Angel of Knives descends on Liverpool

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The Knife Angel outside the Anglican Cathedral Pic ©Harry Leahey JMU Journalism

An eye-catching angel sculpture made up of thousands of confiscated weapons is now available to see at the Anglican Cathedral as part of the #NoMoreKnives campaign.

Dubbed the ‘Angel of Knives’, the 27-foot-high statue was built by sculpturer, Alfie Bradley, and is made up of over 100,000 previously-owned blades that were provided by police.

Its aim is to discourage people from carrying a knife, and to raise awareness of the consequences. It will remain at the cathedral until the end of January next year.

Speaking about how delighted he is that the statue is visiting the city and the reasons for creating it, Mr Bradley told JMU Journalism: “I’m so happy the angel is in Liverpool, it’s a lovely cosmopolitan, arty city.

“I made a 13ft piece before but wanted to create something twice the size with more meaning. The news at the time was constantly talking about knife crime, so I thought about creating a giant angel out of the weapons to show the number of weapons out there.

Working tirelessly to get the knife angel to visit Merseyside has been Rob Jackson, a nurse from The Royal Hospital in Liverpool. Mr Jackson has spent years speaking to thousands of young people across the country about the issue.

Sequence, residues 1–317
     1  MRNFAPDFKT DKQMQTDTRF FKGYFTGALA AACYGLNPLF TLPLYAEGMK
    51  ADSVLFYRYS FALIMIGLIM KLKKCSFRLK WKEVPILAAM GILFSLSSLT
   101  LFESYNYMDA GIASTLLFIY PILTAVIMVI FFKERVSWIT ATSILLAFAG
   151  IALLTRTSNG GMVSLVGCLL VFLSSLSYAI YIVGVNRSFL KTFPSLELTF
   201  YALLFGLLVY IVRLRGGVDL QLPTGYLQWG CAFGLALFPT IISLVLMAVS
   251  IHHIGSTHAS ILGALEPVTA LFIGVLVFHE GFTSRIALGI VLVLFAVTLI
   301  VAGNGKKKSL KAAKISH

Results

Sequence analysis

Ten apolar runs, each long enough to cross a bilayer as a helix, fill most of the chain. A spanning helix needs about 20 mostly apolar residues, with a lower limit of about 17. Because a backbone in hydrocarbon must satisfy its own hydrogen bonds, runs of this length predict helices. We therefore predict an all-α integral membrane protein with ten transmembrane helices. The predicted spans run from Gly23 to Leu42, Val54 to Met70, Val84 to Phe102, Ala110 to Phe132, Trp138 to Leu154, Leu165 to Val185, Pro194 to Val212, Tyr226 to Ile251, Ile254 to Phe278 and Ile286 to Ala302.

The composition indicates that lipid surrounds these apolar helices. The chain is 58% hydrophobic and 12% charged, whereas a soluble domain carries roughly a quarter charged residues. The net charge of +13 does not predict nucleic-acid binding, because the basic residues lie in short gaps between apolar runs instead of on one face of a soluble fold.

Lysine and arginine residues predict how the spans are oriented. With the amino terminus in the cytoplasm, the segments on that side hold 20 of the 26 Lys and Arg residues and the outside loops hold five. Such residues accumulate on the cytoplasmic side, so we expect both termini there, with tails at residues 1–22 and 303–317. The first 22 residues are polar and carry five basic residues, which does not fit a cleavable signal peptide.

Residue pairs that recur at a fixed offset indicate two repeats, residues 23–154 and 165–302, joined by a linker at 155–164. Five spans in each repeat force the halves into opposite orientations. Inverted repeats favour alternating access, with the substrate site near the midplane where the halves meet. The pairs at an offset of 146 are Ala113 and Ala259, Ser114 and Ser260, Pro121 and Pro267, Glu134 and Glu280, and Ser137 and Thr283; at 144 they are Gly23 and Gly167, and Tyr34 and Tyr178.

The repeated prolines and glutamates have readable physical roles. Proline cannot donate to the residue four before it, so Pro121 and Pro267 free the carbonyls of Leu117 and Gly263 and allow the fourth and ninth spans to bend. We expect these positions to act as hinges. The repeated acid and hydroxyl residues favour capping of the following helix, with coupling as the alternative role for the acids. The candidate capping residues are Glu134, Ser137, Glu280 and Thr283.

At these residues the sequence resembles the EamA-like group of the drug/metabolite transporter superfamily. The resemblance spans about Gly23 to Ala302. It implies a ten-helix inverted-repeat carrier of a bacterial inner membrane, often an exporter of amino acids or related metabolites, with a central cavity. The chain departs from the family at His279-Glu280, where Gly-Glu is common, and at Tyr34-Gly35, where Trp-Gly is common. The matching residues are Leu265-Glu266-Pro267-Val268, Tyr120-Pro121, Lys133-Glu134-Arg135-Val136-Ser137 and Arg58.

YouTube: Harry Leahey

He said: “Knife crime isn’t going to go away. Liverpool is an amazing city, but there is a minority that spoils it for everybody and that’s why we need to continue this work and highlight the impact knife crime is having on the city”.

The arrival follows the latest crime data from the Office of National Statistics, which has revealed almost 950 serious crimes involving knives were recorded by Merseyside Police last year.

This is up 18% on 2016, which saw 801 knife crimes recorded.

As well as the statue, schools across Merseyside have also being playing their part in the #NoMoreKnives message, by hosting assemblies to help reduce violence across the region.

Senior youth workers from the Anfield Boxing Club have been delivering the sessions, liaising closely with Merseyside Police to highlight the main causes of knife culture, as well as the dangers involved.

Explaining how vital these assemblies are, a spokesman from the club told JMU Journalism: “It’s important that we try our best to make young people understand the impact knife crime has on families and communities.

“The feedback and the reaction has been so so positive. Young people want to work with us to help educate others. By doing what we have done and continue to do, we will have created thousands of knife crime ambassadors that will carry the message that knives kill.”

Twitter: Harry Leahey

Twitter: Merseyside Police